40/4. A moving legacy

Most people see the 40/4 as a pioneering design that has stood the test of time. We like to think of it as a legacy that continues to move you in new ways.

Simple, stackable, remarkable. David Rowland’s 40/4 stackable chair is one of the most important designs of the 20th century. Its elegant lines, excellent ergonomics, and unsurpassed ability to create space (without taking up too much of it) continue to attract architects and designers.

A detailed image of the back of an upholstered 40/4 chair
Play Movie

Designed by David Rowland

Designer David Rowland studied at the Cranbrook Academy of Art, the school that helped train Charles and Ray Eames, Florence Knoll, Harry Bertoia, and Eero Saarinen. Early in his career, Rowland worked under Lazlo Moholy-Nagy as well as Norman Bel Geddes.


In the process of taking the 40/4 beyond the prototype stage, the road was paved with all sorts of stumbling blocks. Due to his passion and relentless determination, Rowland made his vision a reality in 1964 with its initial launch — and the 40/4 has remained in production ever since. Over eight million 40/4 chairs have been sold to date; proof that you need a brilliant idea to create a timeless design. But you also need to believe in it to produce it.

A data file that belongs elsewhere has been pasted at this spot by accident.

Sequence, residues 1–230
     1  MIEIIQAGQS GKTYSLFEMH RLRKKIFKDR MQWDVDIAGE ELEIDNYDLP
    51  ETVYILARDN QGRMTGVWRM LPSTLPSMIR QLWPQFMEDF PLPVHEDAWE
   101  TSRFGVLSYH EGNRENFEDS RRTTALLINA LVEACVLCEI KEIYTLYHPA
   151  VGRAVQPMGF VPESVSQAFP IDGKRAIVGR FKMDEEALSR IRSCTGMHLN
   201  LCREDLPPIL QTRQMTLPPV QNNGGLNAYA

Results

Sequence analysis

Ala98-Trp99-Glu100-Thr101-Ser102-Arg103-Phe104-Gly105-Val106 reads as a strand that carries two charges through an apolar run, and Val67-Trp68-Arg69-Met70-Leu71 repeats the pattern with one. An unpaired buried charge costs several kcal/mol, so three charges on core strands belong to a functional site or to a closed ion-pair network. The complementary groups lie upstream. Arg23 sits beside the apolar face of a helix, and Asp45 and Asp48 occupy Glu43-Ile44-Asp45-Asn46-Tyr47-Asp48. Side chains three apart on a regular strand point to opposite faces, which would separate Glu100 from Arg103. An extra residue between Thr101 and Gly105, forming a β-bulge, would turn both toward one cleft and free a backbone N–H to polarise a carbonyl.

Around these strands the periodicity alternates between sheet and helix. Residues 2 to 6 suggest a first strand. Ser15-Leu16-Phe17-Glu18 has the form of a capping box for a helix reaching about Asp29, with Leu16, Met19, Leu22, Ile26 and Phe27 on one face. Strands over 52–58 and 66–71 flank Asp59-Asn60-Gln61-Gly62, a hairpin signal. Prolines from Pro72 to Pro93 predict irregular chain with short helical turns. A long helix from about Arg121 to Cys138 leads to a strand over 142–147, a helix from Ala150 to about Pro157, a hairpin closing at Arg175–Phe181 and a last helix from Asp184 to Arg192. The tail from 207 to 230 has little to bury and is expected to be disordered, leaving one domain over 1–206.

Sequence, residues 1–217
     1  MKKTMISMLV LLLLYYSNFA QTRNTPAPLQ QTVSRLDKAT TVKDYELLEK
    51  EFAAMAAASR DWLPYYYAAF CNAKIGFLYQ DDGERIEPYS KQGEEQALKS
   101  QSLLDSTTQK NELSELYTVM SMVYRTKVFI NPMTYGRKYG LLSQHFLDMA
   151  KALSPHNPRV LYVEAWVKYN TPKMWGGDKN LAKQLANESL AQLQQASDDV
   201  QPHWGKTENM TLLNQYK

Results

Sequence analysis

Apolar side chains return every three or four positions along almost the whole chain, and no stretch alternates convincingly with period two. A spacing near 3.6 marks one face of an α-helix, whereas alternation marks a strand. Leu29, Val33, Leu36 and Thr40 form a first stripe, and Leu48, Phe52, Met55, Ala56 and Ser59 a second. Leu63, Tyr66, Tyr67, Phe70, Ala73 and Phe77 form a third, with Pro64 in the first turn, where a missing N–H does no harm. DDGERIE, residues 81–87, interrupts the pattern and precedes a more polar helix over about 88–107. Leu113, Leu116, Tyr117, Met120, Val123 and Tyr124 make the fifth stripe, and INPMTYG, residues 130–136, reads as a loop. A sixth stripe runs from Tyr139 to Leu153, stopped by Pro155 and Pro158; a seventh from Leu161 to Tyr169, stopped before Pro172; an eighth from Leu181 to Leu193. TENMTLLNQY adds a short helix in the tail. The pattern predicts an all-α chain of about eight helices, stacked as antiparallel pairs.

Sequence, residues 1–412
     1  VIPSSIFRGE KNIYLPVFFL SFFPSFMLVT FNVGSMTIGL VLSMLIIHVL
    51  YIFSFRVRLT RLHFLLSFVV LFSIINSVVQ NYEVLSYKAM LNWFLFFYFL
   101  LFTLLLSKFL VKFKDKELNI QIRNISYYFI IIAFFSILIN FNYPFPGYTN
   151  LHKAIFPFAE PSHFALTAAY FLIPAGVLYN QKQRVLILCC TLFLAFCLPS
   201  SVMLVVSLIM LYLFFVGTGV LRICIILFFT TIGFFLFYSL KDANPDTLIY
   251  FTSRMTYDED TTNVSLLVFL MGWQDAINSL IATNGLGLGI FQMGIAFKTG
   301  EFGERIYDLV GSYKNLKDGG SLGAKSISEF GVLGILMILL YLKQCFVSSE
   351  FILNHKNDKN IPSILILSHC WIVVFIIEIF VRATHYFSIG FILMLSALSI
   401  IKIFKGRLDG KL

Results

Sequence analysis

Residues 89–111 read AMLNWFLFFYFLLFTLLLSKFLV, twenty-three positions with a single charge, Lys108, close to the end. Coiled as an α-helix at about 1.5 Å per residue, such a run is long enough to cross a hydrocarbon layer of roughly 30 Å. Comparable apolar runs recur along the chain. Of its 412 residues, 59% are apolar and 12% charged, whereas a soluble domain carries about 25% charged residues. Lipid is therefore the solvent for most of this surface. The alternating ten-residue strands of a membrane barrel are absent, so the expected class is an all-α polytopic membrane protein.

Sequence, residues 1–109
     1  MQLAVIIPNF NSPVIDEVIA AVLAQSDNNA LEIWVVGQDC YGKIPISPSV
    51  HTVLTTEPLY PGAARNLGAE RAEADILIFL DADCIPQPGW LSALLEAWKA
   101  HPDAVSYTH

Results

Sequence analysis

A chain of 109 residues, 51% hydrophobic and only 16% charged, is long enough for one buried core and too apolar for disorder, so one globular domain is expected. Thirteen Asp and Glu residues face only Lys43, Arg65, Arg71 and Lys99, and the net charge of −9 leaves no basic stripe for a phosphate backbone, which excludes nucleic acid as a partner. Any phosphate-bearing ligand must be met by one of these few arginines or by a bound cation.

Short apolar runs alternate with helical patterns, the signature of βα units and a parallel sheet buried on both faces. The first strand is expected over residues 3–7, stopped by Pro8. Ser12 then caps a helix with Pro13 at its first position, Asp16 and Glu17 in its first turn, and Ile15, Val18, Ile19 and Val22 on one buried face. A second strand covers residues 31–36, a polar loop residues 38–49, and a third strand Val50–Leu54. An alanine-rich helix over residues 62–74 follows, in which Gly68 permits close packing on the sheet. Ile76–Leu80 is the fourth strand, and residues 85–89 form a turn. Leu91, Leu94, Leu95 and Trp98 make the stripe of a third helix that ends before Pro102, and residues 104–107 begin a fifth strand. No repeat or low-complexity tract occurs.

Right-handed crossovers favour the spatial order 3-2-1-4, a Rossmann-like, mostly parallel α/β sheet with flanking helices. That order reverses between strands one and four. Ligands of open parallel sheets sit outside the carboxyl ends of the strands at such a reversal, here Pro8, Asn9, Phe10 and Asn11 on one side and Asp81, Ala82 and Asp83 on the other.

How to recognize an original?

The 40/4 chair by David Rowland is acclaimed as the first truly stackable chair. Its name is an expression of this: 40 chairs can be stacked within 4 feet.


The chair was introduced in 1964 after almost a decade of development. It was an instant success, and since then, over 8 million chairs have been produced and sold.


To recognize an original 40/4 chair, just look for David Rowland's signature under the seat.


"After the 40/4 was introduced, a number of companies and designers attempted to create an equally successful counterpoint, indeed, every year brings its crop of minimalist stacking chairs. [...] The copies as well as other more independent developments are indications of the fact that David Rowland created a whole new type of furniture, which is profoundly expressive of contemporary life."


By Merete Ahnfeldt-Mollerup, Architect, Phd and Associate Professor



Get in touch